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Photochemistry of atmospheric aerosols

ABG-96243 Sujet de Thèse
23/02/2021 Contrat doctoral
Institut de Recherches sur la Catalyse et l'Environnement de Lyon
Villeurbanne - Auvergne-Rhône-Alpes - France
Photochemistry of atmospheric aerosols
  • Chimie
  • Physique
  • Terre, univers, espace
Organic aerosols, photochemistry, photosensitation, high resolution mass spectrometry, air quality, anthropocene

Description du sujet

Understanding the processing chain of tropospheric aerosols and radicals from sources to sinks is key for our ability to understand climate change. Numerous indicators, however, show that our knowledge is far from complete. As an example, secondary organic aerosols (SOA) can well be quantified, but their sources are subject to intense scientific discussion as the tropospheric budget of SOA is far from being closed. Photosensitized reactions have been suggested to be an important oxidation pathway in atmosphere, but their quantitative contribution was beyond reach. However recently, it has been suggested that this oxidative pathway might be even more important than the one induced by the main radical oxidant, the hydroxyl radical (OH). Therefore, this Ph.D. project aims at quantifying the tropospheric importance of photosensitized reactions in the liquid phase (i.e., cloud droplet and aerosols).

Indeed, understanding atmospheric chemical processes is important in a threefold way as they: (i) contribute to atmospheric composition change (ii) are involved in the coupling of atmospheric chemistry and climate and (iii) lead to products affecting air quality, visibility, and climate.

Volatile organic compounds (VOCs) and SOA have to be considered as a system evolving in the atmosphere through physico-chemical and dynamical processing involving chemical feedbacks with oxidants. As a result, the ambient organic aerosol is typically highly oxidized. However, the total SOA mass measured at several sampling sites cannot be explained by the simple presence of such VOCs. Therefore, a current issue in the physical-chemistry of atmospheric organic particulate matter is that the models based on available parameterizations from laboratory studies (such as the Volatility Based Set approach – VBS) underestimate SOA, and do not fully capture aerosol particle growth observed in the atmosphere. Hence, the difference of SOA concentrations between observations and models suggests the possibility of other significant sources that may have not been yet identified and characterized.

Important efforts were consequently made to explain and close the gap between observations and modeling. It has been pointed out for instance that small dicarbonyl or carboxylic acid species which are formed in large amount during oxidation of VOC, can significantly contribute to SOA mass through cloud multiphase chemistry. Such multiphase processes have also been shown to produce light absorbing compounds in the particle phase. However, certain types of OA absorb radiation efficiently in the UVA-UVB (300–400 nm) and visible ranges. Very recently the terminology “brown carbon” (BrC), has emerged to describe this type of aerosol, characterized by an absorption spectrum that smoothly increases from the vis to UV wavelengths. Such absorbing molecules may also induce new photochemical processes within the aerosol particles (. A significant body of literature exists on photo-induced charge or energy transfer in organic molecules (mainly in surface waters) (18). These are photosensitized processes where the absorbing species (photosensitiser) is excited into a triplet state, and depending on the redox properties of the medium and reaction partners, charge or energy transfer can occur. While aquatic photochemistry has recognised several of such processes that accelerate degradation of organic molecules  only little is known thus far about such processes in/on atmospheric particles.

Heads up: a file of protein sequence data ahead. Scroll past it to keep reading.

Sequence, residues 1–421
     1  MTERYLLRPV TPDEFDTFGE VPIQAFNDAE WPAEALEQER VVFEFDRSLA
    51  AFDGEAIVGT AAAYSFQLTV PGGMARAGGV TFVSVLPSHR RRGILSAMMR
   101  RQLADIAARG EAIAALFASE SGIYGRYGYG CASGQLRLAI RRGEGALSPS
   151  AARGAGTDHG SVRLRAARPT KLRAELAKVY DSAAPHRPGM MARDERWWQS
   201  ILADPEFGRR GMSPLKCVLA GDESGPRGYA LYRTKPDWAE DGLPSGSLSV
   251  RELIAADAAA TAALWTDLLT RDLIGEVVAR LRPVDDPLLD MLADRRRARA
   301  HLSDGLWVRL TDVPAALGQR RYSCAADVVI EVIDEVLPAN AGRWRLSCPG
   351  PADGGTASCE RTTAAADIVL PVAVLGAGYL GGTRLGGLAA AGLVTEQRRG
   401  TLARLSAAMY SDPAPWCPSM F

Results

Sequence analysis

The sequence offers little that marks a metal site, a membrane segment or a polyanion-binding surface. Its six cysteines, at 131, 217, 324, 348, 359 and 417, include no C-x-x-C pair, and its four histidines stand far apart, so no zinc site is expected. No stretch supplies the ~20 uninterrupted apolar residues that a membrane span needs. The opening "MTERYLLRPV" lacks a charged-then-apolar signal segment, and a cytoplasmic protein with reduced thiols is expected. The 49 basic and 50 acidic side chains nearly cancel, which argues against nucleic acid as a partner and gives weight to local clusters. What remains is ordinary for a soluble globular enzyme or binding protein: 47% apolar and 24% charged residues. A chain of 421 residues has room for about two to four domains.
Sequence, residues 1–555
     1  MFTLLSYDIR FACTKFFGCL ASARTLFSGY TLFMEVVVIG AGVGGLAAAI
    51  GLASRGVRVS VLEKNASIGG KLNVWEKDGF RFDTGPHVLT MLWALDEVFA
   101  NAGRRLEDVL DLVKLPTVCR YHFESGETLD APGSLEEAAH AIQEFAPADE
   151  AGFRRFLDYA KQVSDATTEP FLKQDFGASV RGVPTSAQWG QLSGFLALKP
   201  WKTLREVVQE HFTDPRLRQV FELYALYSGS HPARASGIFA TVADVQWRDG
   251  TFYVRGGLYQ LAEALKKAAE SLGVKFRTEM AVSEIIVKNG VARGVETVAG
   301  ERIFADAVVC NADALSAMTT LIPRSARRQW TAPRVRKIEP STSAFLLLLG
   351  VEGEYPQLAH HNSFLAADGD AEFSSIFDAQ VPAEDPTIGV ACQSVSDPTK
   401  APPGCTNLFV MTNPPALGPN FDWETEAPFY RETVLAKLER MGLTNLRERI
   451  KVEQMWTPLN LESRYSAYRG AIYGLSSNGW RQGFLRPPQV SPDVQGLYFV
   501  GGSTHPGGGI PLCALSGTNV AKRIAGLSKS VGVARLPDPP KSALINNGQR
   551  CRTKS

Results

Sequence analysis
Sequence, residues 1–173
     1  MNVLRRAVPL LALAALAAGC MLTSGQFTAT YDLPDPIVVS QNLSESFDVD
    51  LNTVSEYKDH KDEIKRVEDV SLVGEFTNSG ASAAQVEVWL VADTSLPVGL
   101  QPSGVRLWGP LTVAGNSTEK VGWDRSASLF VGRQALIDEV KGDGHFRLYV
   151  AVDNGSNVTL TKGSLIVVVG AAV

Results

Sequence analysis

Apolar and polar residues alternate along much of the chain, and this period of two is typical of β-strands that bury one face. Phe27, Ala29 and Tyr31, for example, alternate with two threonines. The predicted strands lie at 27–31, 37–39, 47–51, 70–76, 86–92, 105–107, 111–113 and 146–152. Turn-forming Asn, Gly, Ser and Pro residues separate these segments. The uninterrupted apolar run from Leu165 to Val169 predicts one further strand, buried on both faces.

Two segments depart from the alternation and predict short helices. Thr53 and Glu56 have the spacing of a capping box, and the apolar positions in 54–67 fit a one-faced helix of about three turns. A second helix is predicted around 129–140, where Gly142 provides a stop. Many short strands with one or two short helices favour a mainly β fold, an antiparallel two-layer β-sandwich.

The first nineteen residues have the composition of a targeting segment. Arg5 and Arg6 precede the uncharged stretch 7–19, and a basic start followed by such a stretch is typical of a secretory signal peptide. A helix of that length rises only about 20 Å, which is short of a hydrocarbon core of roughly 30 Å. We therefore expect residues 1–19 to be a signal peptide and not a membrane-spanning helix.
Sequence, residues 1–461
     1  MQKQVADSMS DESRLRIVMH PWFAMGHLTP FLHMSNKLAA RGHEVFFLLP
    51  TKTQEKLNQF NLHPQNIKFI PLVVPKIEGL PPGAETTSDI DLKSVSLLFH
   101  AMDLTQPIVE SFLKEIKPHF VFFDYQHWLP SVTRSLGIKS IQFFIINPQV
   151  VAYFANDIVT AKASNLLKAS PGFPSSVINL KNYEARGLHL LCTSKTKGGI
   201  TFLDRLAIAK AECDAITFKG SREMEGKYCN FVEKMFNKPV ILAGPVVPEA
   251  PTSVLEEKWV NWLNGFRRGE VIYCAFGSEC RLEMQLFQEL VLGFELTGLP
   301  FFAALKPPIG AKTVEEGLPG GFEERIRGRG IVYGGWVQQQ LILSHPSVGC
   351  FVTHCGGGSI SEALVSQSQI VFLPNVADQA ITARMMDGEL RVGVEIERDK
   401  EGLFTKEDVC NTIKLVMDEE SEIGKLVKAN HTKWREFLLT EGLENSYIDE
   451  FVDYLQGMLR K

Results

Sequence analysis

The potential existence of such photosensitized processes is overall affecting the oxidation potential of the tropospheric condensed phases… if the triplet state steady-state concentration is large enough to induce significant chemical transformations. This Ph.D. project is therefore designed to follow an investigation chain from basic photochemical studies and initial screening of compounds into quantified information on the importance of photosensitized reactions as a key driver of tropospheric multiphase oxidation and impactful for the description of haze.

Prise de fonction :

01/10/2021

Nature du financement

Contrat doctoral

Précisions sur le financement

Présentation établissement et labo d'accueil

Institut de Recherches sur la Catalyse et l'Environnement de Lyon

The researcher will work in the CARE team (Characterisation and Remediation of pollutants, http://www.ircelyon.univ-lyon1.fr/en/la_recherche/equipes_de_recherche/(syrcel_identifier)/CARE" of the Institute of Researches on Catalysis and Environment of LYON (IRCELYON). This academic laboratory located in Villeurbanne (France) is the largest one in Europe devoted to heterogeneous catalysis. The CARE group is focus on environmental topics.

Intitulé du doctorat

PhD in Chemistry

Pays d'obtention du doctorat

France

Etablissement délivrant le doctorat

University of Lyon

Ecole doctorale

Chemistry

Profil du candidat

The recruited person will perform laboratory-based experiments, mainly by means of an atmospheric simulation chamber, laser induced photochemistryn coupled to various high-resolution mass spectrometers.

Applicants should have a background in experimental physical or analytical chemistry, with a good level in English. Applicants having eventually an experience in laser, photochemistry, high-resolution mass spectrometers, and especially PTR-MS types are encouraged to apply.

30/04/2021
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